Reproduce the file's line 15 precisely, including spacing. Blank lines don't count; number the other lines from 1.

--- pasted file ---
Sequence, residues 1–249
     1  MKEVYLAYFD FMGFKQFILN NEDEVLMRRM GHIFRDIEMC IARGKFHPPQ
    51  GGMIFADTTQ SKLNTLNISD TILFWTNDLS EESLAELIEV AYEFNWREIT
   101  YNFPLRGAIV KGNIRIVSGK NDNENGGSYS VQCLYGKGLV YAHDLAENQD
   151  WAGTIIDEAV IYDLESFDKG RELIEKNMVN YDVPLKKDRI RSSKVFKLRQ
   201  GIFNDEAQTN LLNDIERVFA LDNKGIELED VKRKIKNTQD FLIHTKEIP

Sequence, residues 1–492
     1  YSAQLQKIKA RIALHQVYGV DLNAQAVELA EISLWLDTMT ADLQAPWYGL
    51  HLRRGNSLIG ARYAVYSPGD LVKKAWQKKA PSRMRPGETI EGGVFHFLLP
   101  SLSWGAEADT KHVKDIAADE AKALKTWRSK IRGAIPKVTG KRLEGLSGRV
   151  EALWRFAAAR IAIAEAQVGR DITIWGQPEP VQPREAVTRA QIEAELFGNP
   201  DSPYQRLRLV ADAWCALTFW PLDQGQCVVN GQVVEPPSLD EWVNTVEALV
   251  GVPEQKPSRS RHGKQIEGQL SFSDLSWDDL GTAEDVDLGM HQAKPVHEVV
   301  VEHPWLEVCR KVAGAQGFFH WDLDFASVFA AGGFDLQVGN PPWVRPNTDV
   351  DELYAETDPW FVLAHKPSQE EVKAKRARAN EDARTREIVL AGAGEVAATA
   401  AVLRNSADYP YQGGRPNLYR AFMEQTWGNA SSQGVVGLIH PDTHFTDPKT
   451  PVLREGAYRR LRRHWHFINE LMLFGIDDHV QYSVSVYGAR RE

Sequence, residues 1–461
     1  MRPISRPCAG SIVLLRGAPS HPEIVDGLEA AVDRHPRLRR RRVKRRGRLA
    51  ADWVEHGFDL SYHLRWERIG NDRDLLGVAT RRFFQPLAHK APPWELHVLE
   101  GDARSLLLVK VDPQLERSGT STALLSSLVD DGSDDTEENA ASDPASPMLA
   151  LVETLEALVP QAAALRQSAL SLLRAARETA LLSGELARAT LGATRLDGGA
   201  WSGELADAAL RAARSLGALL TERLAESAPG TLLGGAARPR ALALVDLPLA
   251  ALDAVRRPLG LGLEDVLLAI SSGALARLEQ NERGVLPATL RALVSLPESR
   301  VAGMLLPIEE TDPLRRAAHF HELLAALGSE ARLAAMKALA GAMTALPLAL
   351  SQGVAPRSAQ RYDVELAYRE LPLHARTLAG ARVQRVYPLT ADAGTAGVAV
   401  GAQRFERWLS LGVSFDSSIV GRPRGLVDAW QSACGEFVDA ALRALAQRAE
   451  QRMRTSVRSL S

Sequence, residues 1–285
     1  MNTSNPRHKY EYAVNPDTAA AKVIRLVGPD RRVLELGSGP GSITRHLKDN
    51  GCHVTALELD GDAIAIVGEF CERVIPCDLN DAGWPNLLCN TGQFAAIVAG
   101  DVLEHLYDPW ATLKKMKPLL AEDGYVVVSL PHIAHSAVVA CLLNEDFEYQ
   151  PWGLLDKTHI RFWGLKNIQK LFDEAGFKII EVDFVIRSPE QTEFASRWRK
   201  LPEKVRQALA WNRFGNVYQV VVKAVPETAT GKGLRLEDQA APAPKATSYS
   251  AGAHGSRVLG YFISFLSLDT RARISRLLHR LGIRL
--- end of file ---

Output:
   351  DELYAETDPW FVLAHKPSQE EVKAKRARAN EDARTREIVL AGAGEVAATA